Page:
9. Image titled Get Rid of Spider Mites Step 14
    Encourage the presence of ladybugs and other insects which prey on spider mites. Predator insects, such as lacewing larvae, predacious thrips and ladybugs can decimate spider mite populations if encouraged to stay in your garden. However, one of the main reasons that spider mite populations develop in the first place is the use of pesticides which kill their natural predators. Therefore, you should avoid using pesticides such as carbaryl, malathion and imidacloprid.[3]
    • These insects can be purchased online, from garden centers or through advertisements in gardening magazines. Alternatively, herbs such as amaranth and borage can naturally attract ladybugs into your garden.
    • Ask the supplier for details on how to make the most of using predator insects, noting that you'll have less success if using them in a mixed planting area.
    • Predatory mites can also be used against spider mites. Look for Phytoseiulus persimilis or other predatory mite species at the garden center (ask the retailer for the brand names it comes under, as this differs from country to country), then follow the release instructions.
    • Under the right conditions, predatory mites can decimate a spider mite population. Interestingly, ladybugs (or ladybirds) will leave predatory mites alone, targeting just the spider mites!

Part 3
Getting Rid of Spider Mites Chemically

  1. Image titled Get Rid of Spider Mites Step 15
    Spray with an insecticidal soap indoors. Along with wiping the mites off with water, an insecticidal soap will take care of severe outbreaks.
  2. Image titled Get Rid of Spider Mites Step 16
    Purchase a proprietary product suitable for outdoor spider mites. There are sprays or wipes available from garden centers and hardware stores. Use according to the manufacturer's instructions.
    • Dormant oil can be used in early spring, while light horticultural oil can be used in summer.
    • If spraying specific chemicals (such as dienochlor, dicofol, azocyclotin, fenbutatin, bromopropylate, propagate), it is recommended that you do not use the same product more than three times per growing season. This will help reduce the chances of the mites gaining resistance against the chemicals.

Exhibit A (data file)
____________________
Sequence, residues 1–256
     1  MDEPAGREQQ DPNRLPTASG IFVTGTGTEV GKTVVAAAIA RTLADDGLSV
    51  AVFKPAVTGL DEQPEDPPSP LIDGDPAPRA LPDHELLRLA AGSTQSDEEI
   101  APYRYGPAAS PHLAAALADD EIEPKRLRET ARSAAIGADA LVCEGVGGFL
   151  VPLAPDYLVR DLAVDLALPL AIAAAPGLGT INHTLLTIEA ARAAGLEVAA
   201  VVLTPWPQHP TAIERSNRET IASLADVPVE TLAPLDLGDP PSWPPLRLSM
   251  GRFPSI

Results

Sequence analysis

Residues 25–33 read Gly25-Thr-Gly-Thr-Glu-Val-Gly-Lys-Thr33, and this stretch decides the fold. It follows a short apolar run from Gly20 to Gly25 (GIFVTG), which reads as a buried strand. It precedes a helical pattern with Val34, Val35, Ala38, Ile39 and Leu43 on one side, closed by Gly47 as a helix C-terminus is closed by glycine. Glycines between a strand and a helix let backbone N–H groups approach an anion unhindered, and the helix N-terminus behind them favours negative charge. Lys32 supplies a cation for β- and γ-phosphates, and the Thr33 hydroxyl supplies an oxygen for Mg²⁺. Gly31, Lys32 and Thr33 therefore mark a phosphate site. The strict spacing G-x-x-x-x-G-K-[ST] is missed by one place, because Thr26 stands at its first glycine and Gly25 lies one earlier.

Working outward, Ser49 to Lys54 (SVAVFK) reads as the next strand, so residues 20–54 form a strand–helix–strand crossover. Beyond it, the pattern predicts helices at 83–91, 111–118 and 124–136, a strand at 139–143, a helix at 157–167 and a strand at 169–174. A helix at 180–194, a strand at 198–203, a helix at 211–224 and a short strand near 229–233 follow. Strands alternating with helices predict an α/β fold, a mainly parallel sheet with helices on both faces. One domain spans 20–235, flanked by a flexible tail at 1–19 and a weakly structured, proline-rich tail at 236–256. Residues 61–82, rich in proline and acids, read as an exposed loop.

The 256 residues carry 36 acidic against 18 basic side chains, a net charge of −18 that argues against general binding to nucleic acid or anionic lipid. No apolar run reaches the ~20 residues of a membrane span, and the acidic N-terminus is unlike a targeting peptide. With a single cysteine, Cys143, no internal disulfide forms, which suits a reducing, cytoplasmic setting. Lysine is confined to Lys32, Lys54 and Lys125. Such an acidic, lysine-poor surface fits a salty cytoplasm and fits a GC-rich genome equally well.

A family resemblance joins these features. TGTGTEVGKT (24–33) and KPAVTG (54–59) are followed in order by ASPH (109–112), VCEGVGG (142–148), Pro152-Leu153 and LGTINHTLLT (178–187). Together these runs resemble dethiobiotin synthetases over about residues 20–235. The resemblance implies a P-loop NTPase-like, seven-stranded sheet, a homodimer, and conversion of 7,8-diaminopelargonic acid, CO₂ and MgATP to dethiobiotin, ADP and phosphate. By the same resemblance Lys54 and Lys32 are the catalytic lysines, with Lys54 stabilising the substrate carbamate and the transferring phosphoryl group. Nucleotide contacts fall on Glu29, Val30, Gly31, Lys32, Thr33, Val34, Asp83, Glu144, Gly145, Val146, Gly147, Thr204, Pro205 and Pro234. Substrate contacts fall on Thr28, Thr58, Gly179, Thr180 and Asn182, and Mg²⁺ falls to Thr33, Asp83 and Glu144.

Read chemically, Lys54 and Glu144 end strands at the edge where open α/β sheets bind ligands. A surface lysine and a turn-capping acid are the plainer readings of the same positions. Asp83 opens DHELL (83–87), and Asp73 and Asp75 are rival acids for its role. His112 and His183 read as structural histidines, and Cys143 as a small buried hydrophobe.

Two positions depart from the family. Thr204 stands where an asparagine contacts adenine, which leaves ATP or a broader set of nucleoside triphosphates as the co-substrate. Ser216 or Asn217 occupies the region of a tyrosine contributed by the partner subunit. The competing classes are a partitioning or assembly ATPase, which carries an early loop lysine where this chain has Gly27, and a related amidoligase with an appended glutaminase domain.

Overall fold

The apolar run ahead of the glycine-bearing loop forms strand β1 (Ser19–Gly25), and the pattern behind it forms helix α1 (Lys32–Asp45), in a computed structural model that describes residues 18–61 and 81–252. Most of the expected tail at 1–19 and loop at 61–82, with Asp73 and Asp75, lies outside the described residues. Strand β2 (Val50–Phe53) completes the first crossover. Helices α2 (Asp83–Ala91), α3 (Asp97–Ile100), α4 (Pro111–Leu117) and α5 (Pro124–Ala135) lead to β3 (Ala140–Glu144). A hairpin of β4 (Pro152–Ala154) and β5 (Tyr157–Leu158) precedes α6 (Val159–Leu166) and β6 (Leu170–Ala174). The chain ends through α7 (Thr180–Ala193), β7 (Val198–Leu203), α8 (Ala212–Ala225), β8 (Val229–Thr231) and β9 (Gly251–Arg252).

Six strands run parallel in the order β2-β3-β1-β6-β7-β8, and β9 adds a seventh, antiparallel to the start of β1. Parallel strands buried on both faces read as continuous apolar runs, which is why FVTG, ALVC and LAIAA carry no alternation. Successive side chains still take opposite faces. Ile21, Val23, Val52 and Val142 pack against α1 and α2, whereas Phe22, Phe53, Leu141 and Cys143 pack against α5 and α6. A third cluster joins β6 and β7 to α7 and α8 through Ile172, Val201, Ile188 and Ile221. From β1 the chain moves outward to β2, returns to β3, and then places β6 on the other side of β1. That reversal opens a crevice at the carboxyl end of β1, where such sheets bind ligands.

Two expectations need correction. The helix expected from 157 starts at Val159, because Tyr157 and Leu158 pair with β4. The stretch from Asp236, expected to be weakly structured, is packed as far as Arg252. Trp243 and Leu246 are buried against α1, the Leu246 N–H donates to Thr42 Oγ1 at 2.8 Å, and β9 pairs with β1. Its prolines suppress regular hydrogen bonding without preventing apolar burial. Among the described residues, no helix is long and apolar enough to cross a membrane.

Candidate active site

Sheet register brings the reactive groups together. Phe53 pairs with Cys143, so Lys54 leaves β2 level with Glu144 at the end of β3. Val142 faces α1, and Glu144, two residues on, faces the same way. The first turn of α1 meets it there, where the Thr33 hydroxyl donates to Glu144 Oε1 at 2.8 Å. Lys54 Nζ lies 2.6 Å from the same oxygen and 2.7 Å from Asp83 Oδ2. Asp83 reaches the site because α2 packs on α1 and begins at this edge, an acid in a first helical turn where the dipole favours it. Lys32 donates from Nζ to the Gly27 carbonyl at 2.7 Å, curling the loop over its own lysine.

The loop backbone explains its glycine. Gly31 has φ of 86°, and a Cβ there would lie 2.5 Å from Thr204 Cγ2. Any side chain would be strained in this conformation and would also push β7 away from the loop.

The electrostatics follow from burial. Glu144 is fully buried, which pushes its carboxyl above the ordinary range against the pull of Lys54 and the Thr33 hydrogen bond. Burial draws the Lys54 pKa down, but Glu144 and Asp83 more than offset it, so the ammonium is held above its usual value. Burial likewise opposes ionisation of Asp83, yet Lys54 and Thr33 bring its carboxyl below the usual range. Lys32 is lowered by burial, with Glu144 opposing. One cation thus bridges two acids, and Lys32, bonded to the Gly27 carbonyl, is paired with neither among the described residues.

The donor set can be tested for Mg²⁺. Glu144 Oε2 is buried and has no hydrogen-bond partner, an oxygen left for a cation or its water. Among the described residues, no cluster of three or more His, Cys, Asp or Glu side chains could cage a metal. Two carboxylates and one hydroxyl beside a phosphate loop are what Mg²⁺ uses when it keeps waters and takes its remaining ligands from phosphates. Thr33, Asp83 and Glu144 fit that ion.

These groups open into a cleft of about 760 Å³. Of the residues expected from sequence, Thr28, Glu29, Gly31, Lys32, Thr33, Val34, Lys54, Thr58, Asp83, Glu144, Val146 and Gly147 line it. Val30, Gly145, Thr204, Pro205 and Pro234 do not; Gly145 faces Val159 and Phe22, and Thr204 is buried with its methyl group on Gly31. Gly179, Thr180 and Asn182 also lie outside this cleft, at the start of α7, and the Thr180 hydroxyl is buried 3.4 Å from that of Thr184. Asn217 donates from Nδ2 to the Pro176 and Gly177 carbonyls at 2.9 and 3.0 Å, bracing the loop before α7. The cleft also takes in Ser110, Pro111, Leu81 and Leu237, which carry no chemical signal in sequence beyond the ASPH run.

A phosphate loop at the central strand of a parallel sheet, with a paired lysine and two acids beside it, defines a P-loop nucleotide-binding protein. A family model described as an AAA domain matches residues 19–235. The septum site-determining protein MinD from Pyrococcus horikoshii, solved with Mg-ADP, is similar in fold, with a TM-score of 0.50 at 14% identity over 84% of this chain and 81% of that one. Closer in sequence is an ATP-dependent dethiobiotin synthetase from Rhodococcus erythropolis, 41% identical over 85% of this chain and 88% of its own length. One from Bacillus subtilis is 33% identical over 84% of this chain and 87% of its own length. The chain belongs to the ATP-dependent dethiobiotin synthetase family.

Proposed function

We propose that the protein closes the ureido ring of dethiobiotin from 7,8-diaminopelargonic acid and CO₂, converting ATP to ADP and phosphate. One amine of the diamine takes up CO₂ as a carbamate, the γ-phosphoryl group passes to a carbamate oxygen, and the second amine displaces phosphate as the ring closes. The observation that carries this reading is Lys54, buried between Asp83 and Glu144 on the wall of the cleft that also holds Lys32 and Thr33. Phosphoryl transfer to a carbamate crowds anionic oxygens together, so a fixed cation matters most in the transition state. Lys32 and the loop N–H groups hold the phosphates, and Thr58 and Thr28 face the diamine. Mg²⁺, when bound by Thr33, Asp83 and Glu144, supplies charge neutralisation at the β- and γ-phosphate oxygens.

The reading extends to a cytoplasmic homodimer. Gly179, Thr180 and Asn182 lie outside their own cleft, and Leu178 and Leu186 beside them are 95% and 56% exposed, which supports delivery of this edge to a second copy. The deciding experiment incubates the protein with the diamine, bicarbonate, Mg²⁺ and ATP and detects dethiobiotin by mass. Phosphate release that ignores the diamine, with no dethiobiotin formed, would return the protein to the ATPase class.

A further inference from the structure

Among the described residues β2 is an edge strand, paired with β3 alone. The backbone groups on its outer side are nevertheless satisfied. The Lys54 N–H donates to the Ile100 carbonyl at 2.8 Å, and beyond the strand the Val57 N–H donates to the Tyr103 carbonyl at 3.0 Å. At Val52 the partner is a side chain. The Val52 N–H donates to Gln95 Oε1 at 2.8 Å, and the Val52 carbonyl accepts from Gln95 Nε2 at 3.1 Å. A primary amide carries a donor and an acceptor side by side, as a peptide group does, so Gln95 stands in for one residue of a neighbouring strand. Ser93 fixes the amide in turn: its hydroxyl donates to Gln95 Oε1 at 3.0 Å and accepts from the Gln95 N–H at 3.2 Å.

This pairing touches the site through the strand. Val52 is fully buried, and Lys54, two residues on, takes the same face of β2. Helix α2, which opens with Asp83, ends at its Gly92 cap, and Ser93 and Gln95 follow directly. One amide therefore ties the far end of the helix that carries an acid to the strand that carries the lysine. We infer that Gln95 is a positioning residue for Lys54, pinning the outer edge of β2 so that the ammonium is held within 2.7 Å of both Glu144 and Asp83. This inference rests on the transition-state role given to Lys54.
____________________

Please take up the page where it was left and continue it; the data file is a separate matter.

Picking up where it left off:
3. Image titled Get Rid of Spider Mites Step 17
    Try getting rid of the mites with sulfur. Use either dusting sulfur or wettable sulfur. But don't use these in hot weather and be sure to follow the manufacturer's instructions.


  • Some spider mites can be seen with the naked eye, while others are near microscopic, making it impossible to see a few, although a mass gathering might be seen upon close inspection. Use a magnifying glass if you want to get up close and personal with the mites!
  • There are various families of spider mites. Relatives of the eight-legged Arachnids, they can spin silk thread around feeding sites, for both ease of movement and for protection. The Tetranychidae family is probably the most threatening to plants, the mites of which puncture individual plant cells and remove the fluid cell contents, leaving the plant cells to fill up with air. The two-spotted mite seems to be the most common spider mite infesting gardens, greenhouses and homes.
  • Spider mites may, or may not be, red. Gardeners will often lump them all together, regardless of color, due to the similarity of damage caused.


  • Biological control of mites is better than pesticide control. This is because mites have a tendency to grow resistant to pesticides very quickly.
  • Some plant viruses are transmitted by mites. This is another good reason to try to get rid of them.
  • Be aware that the use of pesticides also hits predatory insects that may well be able to control the infestations and bring things back into a natural balance. Use with care and precaution.
  • Getting rid of spider mites can be a challenge. Be persistent and try not to inadvertently create the conditions that mites favor (warmth, plus shelter, plus a little moisture for most; very dry for some others).

Sources and Citations

Show more... (3)

Article Info

Categories: Garden Pests and Weeds